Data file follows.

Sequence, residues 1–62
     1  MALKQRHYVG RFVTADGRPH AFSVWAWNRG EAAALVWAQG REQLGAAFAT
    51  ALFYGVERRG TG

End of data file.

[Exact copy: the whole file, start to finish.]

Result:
Sequence, residues 1–62
     1  MALKQRHYVG RFVTADGRPH AFSVWAWNRG EAAALVWAQG REQLGAAFAT
    51  ALFYGVERRG TG